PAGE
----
I believe in power. I believe that anyone can seize it within the grip of his or her own hand and hold it firmly.
As an infant, my grip was weak. When eating, I naturally preferred using my hands over modern kitchen utensils, not because a barbaric lifestyle fascinated me, but because I lacked the sensory-motor skills needed to grab a spoon, plant it into a plate of pepper-sprinkled mashed potatoes, and coordinate it into my toothless mouth. I had a much easier time pretending that the potato-covered spoon flew like an airplane onto my tongue, which would extend out like an airport runway. My father acted as a pilot: he replicated an airplane’s engine noise by making “zoom zoom” sounds as he lowered the spoon to my mouth. He fed me my mashed potatoes; he controlled the plane’s flight route; and ultimately, he exercised full power over me in the earlier stages of my life.
Many years later, I remember sitting in a middle school classroom. My English teacher spontaneously rushed to the television with a grim face. She turned on a news station, which flashed images that would soon shock the world. I watched airplanes, smoke, and collapsing buildings on September 11th. The word “terrorism” appeared with big, bold letters in every newspaper, magazine, and television broadcast for months. It only occurred to me later that those terrorists had power over the United States. They flooded the country with tears. I wondered if fathers could still spoon-feed their children the same way my father spoon-fed me.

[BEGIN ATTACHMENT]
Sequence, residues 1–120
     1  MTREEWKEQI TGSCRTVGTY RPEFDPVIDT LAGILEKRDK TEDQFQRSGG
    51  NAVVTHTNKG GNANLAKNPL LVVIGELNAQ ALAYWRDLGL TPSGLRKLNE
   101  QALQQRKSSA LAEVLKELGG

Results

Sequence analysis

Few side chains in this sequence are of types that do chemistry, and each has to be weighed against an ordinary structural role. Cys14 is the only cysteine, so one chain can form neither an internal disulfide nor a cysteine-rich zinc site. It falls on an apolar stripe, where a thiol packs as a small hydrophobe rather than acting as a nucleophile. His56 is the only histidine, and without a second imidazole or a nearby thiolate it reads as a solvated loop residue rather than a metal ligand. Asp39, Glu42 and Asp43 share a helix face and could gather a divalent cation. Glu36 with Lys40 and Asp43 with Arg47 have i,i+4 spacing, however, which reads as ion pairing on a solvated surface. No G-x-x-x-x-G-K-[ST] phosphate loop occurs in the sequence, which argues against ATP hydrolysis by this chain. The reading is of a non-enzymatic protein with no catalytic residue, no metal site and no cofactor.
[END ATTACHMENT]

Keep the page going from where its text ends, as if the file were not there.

Throughout the hallways of my high school, I always carried a history textbook. The power struggles of mankind piqued my interest. I learned about the slaves in ancient Egypt who constantly feared the crack of the whip and the gold headdress of the pharaoh who hid behind his spear-wielding guards. I learned about a crazed man of Germany who instilled terror into the hearts of gypsies, homosexuals, cripples, and Jews, let alone the rest of the world.
But now I realize that guns, bombs, and tanks are not the only means of showing power. I walk into a museum and feel emotions of joy, anger, and pain from the silence of a brilliant painting and know there is power within the stroke of a paintbrush. Every time I pass Greensborough, North Carolina on a road trip, I remember that something as simple as sitting down can break the chains of segregation and lead a whole color of people to freedom.
And can you hear the power in my voice? I sure can feel it.
If you enjoyed this essay, please consider making a tax-deductible contribution to This I Believe, Inc.